Carnegie Mellon University

Special Topics: Sensors, Circuits, and Data Interpretation and Management for Infrastructure

Course Number: 12-778

The proliferation of low-cost and high-performing sensors has led to sensing in the built environment across a broad range of civil and environmental engineering applications. The applicability of such sensing technologies has been profoundly impacted by advancements in wireless communication and cloud computing, which have enabled the implementation of wireless sensing networks in structural, transportation, geotechnical, and environmental systems, to name a few.

This course conveys recent advancements that have led to technologies from across engineering disciplines becoming increasingly relevant (and available) to our field and emphasizes the critical role that civil and environmental engineers must play in leveraging our domain knowledge to augment these advances. As a result, this course studies sensors from a physics-based perspective in which the development and use of sensors stem directly from principles of mechanics (i.e., how physical processes can be measured and filtered using electrical analog signals and then converted to digital information for interpretation), and builds upon this perspective to provide a better understanding of the upstream tasks of a sensing system (e.g., data interpretation and management).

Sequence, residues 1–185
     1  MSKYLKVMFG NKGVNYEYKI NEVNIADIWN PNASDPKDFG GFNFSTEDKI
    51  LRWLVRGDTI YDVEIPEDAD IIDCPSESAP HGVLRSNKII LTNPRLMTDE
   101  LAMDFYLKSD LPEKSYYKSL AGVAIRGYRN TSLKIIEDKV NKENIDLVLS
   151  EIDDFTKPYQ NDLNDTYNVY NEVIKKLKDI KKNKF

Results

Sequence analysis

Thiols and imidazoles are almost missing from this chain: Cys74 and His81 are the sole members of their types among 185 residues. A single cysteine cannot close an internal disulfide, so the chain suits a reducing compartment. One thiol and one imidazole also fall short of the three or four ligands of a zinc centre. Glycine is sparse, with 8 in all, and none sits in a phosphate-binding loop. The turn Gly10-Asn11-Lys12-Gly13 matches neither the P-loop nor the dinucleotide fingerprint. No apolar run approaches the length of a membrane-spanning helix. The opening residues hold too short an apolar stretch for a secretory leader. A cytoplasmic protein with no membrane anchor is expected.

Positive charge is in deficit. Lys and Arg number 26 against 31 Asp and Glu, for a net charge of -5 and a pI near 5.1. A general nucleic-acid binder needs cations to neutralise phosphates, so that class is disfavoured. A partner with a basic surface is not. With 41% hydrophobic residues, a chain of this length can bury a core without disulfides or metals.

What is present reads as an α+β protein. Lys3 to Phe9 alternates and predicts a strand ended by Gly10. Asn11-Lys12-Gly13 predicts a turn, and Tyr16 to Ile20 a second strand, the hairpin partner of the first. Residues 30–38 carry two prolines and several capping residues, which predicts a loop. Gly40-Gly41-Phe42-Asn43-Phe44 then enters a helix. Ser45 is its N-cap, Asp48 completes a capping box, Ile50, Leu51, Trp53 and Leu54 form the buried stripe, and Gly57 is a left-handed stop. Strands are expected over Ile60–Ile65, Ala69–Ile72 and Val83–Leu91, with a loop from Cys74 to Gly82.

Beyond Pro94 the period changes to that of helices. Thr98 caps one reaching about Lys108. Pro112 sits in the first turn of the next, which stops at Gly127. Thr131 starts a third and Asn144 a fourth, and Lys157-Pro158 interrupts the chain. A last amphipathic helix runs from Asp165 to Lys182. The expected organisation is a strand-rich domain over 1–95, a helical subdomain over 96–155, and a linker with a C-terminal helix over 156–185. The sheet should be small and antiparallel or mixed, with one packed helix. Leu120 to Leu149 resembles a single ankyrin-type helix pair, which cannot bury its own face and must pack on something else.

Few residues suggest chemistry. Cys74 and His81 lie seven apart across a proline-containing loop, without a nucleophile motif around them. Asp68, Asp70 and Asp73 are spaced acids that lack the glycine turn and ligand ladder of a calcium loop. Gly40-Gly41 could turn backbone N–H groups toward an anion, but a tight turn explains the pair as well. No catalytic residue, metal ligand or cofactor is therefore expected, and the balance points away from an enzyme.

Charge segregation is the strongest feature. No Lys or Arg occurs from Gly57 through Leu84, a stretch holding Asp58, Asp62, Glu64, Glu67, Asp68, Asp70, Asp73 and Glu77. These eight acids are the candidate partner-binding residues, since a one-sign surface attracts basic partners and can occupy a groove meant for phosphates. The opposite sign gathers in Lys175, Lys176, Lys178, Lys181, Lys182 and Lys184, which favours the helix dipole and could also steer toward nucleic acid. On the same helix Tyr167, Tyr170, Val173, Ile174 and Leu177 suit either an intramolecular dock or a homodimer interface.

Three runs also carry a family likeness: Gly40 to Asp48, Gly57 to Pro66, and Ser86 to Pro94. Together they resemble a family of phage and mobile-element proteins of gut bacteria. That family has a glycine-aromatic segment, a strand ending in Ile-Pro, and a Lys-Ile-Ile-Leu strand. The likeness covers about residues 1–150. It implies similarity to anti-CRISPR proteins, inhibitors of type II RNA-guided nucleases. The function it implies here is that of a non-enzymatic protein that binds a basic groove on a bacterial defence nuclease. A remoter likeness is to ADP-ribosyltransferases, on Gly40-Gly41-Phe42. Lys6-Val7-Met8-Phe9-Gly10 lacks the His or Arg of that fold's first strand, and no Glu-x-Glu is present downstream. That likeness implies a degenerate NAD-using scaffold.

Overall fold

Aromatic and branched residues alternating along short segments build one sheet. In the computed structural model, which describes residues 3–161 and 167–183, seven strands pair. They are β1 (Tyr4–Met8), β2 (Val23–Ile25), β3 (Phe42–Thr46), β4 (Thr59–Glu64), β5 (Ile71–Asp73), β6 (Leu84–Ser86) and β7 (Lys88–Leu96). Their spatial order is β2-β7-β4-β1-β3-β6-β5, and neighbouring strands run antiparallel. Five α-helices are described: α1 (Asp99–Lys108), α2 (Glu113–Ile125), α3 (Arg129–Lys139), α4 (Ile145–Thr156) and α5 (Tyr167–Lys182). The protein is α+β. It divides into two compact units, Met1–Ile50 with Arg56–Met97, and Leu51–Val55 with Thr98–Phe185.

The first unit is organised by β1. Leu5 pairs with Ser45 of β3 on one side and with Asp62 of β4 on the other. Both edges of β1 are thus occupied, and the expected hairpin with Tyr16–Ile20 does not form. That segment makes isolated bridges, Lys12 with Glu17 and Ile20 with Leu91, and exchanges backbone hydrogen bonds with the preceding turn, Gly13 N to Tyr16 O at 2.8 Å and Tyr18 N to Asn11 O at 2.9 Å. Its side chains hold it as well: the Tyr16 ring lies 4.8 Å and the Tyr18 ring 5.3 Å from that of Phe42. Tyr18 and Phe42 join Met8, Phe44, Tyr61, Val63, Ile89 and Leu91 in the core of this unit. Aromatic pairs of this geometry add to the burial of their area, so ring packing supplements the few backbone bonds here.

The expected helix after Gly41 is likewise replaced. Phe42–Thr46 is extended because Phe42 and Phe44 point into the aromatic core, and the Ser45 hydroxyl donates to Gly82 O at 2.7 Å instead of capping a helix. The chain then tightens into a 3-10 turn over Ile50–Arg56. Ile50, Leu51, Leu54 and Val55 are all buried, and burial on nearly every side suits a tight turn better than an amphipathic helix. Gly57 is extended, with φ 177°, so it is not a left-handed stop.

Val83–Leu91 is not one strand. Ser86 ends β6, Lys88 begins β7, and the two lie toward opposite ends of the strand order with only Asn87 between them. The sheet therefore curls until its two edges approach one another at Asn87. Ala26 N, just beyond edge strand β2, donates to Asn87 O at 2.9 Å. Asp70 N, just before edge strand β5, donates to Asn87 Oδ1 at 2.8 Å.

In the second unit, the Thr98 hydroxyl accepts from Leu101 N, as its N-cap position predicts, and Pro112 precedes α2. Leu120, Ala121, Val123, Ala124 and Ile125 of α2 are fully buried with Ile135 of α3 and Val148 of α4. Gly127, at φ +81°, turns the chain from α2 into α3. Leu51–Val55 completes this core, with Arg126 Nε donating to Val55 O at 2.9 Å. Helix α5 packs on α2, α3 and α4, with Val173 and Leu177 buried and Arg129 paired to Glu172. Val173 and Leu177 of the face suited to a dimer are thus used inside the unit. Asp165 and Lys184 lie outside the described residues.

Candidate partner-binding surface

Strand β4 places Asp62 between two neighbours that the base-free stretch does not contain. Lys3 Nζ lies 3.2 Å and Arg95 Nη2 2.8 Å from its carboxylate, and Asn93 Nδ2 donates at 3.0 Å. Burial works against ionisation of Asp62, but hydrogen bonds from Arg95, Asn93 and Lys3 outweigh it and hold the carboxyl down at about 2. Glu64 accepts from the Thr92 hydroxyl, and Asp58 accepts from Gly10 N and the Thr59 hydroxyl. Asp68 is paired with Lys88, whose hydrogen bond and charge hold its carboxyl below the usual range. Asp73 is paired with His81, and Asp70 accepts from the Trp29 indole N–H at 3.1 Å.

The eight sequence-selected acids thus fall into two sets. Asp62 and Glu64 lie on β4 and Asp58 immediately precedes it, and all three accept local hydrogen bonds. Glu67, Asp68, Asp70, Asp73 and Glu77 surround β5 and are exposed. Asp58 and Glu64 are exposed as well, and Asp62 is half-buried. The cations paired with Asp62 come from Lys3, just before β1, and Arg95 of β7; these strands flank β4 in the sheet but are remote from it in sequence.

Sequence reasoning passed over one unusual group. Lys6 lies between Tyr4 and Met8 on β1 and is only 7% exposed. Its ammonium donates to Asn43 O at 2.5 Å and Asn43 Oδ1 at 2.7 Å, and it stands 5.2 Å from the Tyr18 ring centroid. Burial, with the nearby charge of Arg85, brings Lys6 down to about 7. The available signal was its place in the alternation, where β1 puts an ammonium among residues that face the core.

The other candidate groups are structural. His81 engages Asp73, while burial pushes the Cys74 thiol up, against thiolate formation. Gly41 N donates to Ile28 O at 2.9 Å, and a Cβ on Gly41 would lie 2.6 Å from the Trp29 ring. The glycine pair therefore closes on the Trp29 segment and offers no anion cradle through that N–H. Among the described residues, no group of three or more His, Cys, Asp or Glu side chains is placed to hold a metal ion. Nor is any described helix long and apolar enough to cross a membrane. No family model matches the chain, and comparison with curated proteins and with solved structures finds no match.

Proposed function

This course will cover the practical and theoretical knowledge of sensor technologies for implementation in civil and environmental infrastructure systems. This includes the fundamentals of measurement and instrumentation theory, fabrication, operation, and deployment of capacitive, resistive, inductive, piezoelectric, and microelectromechanical systems.

The course also covers DC and AC circuit analysis, signal amplification, interface circuits, filter design, frequency analysis, and analog-to-digital converter architectures. This physics-based perspective on the topic prepares students to extrapolate beyond the sensors to interpret data.

Semester(s): Fall
Units: 12


  • Lectures
  • Project Exercises
  • Class Demonstrations


Textbook information can be found at the CMU Bookstore